This formulation—that Israel has the right to defend itself, and that this is the beginning and end of what is happening in Gaza—is deliberately misleading, as was Susan Rice’s statement to the UN Security Council, which began, “Today, the United States strongly condemned the barrage of rocket fire from Gaza into southern Israel and expressed regret at the death and injury of innocent Israeli and Palestinian civilians caused by the ensuing violence”.
Listening to Rice, one might be forgiven for assuming that this conflict began on Wednesday with the launching of rockets at Tel Aviv, rather than in the second decade of the twentieth century. One might assume that the basis of this conflict rests on a bizarre Palestinian predilection for violence rather than on repeated wars of aggression waged by both sides after the repeated seizure of land. One might forget to ask why it is that there are missiles being launched into Gaza, and why it is that Israel needs to defend itself against its neighbours. One might ask whether placing the entire burden of responsibility on Hamas while offering that organisation—whatever you think of its ambitions and methods—none of the legitimacy required to bargain in good faith is an intelligent thing for Israel to do. One might wonder whether the economic conditions imposed on Gaza (where unemployment is at 40% and 38% of inhabitants live below the poverty line) have anything to do with the elusiveness of peace.
The CIA World Factbook recounts how “high population density and Israeli security controls placed on the Gaza Strip since the end of the first intifada have degraded economic conditions in this territory”, and describes how “Israeli-imposed border closures, which became more restrictive after Hamas seized control of the territory in June 2007, have resulted in high unemployment elevated poverty rates, and the near collapse of the private sector that had relied on export markets ... Changes to Israeli restrictions on imports in 2010 resulted in a rebound in some economic activity, but regular exports from Gaza are not permitted”.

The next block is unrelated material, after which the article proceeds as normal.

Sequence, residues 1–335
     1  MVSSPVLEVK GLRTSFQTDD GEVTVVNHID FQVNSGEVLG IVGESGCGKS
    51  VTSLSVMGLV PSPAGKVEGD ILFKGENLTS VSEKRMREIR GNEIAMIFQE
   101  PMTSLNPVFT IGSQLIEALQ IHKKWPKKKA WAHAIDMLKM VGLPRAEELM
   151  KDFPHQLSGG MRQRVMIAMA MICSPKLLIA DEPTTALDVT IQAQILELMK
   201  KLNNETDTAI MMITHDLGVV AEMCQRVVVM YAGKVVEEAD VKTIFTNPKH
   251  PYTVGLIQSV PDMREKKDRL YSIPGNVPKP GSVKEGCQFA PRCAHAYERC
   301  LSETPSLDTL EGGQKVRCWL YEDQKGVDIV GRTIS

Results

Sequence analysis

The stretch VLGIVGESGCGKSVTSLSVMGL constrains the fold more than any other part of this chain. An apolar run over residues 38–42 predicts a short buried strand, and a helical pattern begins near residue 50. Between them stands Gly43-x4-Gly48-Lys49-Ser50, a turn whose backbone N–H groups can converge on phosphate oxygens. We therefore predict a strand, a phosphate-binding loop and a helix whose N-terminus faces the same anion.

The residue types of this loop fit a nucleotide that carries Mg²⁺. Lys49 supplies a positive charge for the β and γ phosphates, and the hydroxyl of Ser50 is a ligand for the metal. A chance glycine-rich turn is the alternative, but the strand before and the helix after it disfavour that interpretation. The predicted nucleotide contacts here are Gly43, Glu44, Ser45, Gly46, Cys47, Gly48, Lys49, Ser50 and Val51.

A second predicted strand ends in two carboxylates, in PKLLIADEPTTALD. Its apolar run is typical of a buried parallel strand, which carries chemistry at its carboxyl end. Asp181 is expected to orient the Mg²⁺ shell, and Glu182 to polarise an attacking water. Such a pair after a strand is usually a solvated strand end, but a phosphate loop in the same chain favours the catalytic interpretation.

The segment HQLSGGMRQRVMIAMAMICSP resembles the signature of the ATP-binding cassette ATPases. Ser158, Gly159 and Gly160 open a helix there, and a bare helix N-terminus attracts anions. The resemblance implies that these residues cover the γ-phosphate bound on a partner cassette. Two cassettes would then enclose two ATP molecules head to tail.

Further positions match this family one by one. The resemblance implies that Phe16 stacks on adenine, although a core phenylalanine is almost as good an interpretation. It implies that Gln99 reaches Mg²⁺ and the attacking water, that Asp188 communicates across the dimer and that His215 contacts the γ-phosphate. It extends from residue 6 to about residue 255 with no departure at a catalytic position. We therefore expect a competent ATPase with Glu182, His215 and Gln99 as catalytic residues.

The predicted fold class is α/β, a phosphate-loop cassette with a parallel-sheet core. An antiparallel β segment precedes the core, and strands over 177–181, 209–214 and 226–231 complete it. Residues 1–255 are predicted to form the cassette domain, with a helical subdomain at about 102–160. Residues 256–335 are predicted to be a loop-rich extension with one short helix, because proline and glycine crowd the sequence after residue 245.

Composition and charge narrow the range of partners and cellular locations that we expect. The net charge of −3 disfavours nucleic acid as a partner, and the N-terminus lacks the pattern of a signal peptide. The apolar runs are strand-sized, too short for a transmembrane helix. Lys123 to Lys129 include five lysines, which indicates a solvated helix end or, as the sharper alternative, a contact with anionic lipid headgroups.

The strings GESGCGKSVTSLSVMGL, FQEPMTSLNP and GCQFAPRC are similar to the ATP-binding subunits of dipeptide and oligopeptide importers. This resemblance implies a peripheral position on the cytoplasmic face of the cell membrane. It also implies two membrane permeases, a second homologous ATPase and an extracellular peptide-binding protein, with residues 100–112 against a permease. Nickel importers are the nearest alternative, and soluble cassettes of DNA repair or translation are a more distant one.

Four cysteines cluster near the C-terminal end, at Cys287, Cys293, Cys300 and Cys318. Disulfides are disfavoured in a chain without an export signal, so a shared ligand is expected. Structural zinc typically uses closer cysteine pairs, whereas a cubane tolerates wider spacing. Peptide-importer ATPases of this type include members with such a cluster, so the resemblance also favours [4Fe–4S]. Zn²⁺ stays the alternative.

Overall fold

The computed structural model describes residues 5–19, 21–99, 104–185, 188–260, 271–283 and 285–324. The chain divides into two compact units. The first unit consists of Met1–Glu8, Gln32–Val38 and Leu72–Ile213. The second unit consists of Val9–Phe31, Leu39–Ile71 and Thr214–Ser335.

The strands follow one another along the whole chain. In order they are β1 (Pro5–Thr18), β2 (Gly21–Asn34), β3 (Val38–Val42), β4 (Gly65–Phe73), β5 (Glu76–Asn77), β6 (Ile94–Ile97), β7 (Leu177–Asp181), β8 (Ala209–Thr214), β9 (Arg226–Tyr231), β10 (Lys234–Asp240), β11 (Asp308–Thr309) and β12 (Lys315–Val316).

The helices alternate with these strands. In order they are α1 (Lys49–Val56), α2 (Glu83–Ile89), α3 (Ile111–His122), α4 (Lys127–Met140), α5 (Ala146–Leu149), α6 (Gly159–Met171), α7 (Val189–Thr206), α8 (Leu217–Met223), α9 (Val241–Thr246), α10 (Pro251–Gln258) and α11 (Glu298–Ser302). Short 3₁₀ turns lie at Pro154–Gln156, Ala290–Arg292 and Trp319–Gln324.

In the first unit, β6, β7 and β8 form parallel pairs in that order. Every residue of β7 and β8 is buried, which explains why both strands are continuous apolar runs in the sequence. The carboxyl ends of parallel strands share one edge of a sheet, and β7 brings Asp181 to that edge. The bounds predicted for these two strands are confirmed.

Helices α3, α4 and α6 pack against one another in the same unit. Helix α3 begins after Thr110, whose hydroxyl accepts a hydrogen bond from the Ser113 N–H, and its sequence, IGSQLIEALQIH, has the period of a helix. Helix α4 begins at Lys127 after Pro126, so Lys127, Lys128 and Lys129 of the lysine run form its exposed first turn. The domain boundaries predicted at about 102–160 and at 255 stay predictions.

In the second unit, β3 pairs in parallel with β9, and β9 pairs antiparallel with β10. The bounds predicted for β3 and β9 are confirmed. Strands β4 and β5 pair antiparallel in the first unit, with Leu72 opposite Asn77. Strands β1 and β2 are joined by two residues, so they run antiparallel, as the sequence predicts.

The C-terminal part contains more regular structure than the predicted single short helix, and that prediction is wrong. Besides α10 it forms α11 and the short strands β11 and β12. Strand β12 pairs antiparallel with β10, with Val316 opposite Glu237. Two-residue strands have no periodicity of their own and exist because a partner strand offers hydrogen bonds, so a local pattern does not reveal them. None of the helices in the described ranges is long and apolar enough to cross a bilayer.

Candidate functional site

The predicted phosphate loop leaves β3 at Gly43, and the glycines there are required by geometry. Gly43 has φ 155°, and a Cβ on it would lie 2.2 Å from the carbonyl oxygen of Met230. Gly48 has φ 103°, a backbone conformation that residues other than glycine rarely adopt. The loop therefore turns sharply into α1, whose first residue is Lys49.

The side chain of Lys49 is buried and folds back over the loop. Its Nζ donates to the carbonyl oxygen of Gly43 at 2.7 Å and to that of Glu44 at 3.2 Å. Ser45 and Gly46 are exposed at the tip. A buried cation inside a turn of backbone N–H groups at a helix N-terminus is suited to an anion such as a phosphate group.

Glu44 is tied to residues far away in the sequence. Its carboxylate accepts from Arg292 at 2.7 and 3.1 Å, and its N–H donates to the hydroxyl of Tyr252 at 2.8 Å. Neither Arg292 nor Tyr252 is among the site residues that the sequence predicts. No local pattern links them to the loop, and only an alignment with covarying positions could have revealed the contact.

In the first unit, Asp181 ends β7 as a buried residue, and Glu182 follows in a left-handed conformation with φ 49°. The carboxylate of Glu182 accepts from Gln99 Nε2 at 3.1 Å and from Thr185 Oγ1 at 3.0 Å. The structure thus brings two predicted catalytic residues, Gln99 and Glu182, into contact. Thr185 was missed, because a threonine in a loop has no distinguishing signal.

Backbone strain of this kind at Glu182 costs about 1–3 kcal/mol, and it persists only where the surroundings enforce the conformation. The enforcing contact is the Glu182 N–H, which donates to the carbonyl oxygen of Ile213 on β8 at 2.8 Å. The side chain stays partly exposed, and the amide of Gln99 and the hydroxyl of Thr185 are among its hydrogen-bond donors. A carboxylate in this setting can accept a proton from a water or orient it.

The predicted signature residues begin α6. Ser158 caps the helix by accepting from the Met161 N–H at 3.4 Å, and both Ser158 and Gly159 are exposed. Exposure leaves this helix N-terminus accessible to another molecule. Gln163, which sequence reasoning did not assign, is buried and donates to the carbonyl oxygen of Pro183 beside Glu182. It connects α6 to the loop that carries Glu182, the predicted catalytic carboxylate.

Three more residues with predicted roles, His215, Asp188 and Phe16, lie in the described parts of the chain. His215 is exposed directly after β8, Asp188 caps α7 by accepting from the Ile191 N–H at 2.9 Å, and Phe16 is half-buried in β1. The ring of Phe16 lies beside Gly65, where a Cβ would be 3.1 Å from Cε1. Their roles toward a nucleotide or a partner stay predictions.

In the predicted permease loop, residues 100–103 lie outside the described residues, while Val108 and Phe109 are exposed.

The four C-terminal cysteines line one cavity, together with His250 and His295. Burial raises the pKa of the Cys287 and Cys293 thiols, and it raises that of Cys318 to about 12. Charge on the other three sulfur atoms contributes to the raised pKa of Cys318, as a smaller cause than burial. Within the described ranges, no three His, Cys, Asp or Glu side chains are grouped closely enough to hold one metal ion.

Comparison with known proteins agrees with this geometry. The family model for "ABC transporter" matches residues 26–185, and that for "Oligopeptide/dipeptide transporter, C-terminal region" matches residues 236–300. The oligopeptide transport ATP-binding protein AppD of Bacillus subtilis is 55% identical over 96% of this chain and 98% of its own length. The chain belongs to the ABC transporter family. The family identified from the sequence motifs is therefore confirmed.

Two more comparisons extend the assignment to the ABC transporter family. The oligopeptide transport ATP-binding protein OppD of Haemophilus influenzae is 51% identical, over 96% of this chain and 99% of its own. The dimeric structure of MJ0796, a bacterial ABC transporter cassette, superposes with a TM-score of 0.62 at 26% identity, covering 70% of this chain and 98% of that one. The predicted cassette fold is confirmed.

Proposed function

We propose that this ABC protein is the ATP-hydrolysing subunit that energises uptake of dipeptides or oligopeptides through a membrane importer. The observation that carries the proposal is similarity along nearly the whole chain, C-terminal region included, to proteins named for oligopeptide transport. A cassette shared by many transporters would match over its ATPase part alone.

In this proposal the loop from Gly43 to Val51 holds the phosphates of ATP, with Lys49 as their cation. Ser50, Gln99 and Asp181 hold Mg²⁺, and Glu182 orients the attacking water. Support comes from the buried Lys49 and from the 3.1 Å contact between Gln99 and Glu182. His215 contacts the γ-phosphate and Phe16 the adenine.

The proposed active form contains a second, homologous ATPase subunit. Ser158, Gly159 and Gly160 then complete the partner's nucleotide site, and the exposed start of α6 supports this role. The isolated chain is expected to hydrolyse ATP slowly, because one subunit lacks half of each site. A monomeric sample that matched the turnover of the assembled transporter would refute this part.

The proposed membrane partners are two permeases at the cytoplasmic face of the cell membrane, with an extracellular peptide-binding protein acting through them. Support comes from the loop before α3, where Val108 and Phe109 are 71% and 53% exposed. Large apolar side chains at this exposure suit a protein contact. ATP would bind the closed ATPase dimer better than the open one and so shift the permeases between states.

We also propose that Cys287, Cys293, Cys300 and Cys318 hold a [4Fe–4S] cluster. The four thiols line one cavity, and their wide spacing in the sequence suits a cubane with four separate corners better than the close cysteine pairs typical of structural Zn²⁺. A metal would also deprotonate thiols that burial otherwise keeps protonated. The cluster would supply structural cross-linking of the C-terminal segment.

One might further ask why the parties to this conflict should be treated as equals when one of them is a nation-state with all of the privileges and recognitions that comes from this status, while the other is an occupied territory. One possesses a formidable military machine, backed by the weaponry of the globe’s superpower, the other has to resort to guerrilla street fighting to gain the attention of the global public. One retains the power of life and death over the other. The rockets Hamas launches into Israel are but, when you think about it, a small gesture against the struggle for survival, recognition, and dignity that the people of these colonised territories wage on a daily basis.
One of the most extraordinary things about the manner in which Israel conducts its affairs is its apparent obliviousness to its own history. I would have at least expected Israel’s leadership and support network to show a little more awareness about the immediate circumstances in which their nation came to be. It was brought into being at the end of a campaign waged by what were then described as terrorist gangs—their tactics included bombings, kidnappings, and murders—by the British administrators against whom they waged a guerrilla war while their supporters lobbied the nations of the world and made their case before the UN to the frustration of Palestine’s colonial rulers. These are precisely the efforts made today by Palestinians, but they elicit not so much as a flicker of recognition from the cabal which orders more bombings, advocates policies of segregation, and is currently contemplating a ground invasion—which would undoubtedly be a campaign on all sides of spectacular violence, stunning ferocity, and surreal aims—on the grounds that you can extirpate a maligned and persecuted people’s will and ambitions through the application of overwhelming military force.
This struggle did not begin last week, and it cannot end until we recognise that its origins and historical character are important; until we understand that we cannot expect people who have suffered injustice to bear the double-standard inflicted on them by their colonial rulers and global powers; and until we accept that the United States is daily eroding its ability to play a constructive role in making peace.